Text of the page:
Bioenergy in all its forms has been, and will continue to be, a part of the energy mix. Biofuels, as one form of bioenergy, can be an important component in the effort to replace fossil fuels with renewable energy, as well as being a factor in achieving the 2°C climate goals. The actual energy mix and potential for sustainable biofuels development, however, depends on individual countries’ conditions and needs.
Most of the potential for growth in biomass production is in developing countries, particularly in tropical regions where the conditions are most favourable for producing feedstocks. In these regions developing countries have a significant opportunity to create both a domestic industry and engage in international trade.
Studies indicate that global bioenergy use is approximately 10 percent of the global energy mix, with a growth rate of 1.3 percent per year. Future projections for the supply of bioenergy are shown in the 2.3 figure. The analysis is based on four scenarios for environmental targets, based on technical potentials that differ depending on agricultural efficiency, production systems, water supplies.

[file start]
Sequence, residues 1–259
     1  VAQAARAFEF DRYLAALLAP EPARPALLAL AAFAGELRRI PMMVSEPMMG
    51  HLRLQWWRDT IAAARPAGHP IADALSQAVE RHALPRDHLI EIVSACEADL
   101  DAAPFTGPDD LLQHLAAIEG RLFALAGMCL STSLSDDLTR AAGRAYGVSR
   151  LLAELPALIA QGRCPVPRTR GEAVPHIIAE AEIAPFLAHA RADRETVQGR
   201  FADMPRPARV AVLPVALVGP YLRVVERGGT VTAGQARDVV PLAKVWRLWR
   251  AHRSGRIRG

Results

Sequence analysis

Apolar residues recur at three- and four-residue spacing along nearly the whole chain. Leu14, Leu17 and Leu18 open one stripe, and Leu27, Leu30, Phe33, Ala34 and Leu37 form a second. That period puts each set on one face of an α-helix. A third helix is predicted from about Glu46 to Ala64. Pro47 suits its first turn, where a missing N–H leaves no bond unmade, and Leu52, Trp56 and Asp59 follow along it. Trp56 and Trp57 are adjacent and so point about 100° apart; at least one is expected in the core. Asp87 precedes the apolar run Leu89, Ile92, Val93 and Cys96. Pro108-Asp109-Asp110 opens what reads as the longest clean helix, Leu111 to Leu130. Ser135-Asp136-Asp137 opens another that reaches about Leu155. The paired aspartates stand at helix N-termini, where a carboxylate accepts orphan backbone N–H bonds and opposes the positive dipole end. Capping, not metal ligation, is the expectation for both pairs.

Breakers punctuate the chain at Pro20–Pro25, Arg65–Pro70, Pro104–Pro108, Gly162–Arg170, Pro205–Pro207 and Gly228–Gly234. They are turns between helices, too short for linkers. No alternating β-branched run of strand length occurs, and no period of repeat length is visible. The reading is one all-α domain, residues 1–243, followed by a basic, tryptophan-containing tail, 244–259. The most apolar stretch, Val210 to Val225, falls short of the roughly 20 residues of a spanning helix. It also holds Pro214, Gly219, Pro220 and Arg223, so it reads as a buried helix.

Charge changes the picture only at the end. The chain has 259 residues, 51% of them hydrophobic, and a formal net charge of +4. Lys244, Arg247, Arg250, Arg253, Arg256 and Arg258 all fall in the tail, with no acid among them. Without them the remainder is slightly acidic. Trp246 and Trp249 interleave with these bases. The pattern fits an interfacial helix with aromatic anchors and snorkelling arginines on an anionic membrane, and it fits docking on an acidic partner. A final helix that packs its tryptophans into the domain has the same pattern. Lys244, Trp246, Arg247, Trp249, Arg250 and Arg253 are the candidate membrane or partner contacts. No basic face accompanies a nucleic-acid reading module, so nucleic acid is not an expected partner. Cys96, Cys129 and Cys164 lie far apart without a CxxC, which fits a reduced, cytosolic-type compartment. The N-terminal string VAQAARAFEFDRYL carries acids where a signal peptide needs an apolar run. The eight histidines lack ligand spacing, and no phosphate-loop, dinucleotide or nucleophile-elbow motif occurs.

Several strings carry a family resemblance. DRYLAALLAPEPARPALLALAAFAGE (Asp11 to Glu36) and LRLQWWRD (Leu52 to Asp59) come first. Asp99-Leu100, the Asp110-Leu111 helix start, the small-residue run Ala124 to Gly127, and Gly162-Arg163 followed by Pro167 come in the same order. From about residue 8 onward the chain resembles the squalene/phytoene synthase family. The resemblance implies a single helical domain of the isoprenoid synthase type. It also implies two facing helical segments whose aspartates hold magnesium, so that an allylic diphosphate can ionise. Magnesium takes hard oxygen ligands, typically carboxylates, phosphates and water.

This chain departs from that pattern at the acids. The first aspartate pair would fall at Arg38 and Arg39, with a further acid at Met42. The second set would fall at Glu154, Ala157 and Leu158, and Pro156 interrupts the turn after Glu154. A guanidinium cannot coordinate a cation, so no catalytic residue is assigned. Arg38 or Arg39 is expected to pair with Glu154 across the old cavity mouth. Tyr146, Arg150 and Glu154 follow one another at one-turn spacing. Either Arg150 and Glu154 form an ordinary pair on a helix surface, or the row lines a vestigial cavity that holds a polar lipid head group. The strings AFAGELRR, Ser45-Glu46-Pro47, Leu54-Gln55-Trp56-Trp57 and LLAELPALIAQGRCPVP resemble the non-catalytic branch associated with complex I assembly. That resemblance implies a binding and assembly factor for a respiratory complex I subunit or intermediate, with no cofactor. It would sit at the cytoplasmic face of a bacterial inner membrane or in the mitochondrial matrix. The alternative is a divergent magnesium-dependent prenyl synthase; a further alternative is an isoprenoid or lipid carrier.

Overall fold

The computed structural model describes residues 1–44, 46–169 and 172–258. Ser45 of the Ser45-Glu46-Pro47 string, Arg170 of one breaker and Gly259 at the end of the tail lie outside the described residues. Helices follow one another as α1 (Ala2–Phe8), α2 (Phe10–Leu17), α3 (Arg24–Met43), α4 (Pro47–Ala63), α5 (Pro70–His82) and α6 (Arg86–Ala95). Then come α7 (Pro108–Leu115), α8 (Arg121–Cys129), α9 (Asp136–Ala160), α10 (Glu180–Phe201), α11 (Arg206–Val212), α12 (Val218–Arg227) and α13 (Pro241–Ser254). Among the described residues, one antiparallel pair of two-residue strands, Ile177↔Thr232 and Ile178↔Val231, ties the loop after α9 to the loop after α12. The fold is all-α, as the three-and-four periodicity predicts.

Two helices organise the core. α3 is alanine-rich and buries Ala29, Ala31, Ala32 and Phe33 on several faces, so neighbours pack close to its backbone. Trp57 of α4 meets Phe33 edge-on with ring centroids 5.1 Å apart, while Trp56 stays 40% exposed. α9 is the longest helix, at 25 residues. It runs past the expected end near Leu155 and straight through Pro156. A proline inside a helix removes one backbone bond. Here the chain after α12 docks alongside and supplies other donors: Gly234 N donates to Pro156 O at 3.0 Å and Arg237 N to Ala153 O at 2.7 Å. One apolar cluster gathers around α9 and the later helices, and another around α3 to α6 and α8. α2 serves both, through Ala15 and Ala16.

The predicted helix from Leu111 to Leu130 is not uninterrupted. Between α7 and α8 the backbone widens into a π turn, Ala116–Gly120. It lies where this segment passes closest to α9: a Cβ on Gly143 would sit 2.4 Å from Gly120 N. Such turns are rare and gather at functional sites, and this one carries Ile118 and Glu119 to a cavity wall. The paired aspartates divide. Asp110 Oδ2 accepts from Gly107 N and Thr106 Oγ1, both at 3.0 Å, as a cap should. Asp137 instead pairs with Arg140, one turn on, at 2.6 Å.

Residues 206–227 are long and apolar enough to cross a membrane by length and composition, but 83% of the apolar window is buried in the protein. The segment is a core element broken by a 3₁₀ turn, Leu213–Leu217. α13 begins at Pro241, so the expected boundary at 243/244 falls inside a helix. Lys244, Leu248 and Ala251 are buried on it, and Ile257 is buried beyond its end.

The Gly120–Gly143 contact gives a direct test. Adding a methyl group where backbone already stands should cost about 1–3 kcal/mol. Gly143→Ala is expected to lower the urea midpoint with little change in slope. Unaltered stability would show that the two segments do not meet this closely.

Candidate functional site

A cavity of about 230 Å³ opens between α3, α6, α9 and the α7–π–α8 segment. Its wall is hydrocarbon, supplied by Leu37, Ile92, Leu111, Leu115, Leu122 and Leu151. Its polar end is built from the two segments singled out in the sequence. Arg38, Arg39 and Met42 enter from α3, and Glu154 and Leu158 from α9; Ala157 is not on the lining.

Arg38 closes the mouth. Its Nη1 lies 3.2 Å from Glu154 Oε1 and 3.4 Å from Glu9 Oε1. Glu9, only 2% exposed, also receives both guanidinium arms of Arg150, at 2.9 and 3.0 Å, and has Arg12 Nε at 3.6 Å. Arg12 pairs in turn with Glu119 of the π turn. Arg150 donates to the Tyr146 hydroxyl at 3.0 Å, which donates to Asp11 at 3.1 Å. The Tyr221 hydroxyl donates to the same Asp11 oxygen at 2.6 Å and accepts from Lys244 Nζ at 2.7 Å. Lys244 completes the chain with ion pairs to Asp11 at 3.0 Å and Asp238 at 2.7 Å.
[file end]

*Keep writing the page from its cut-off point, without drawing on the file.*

The scenarios span a wide range of global bioenergy potentials, and experts argue that the high-end projections play down technical constraints such as available land or realistic yields. It seems the potential of bioenergy crops is at the lower end of the range and is associated with integrated optimisation. Researchers say that future capacities of bioenergy, and biofuels in particular, lie in residues from agriculture and forestry.
Figure 2.3 World bioenergy technical potential in 2050 11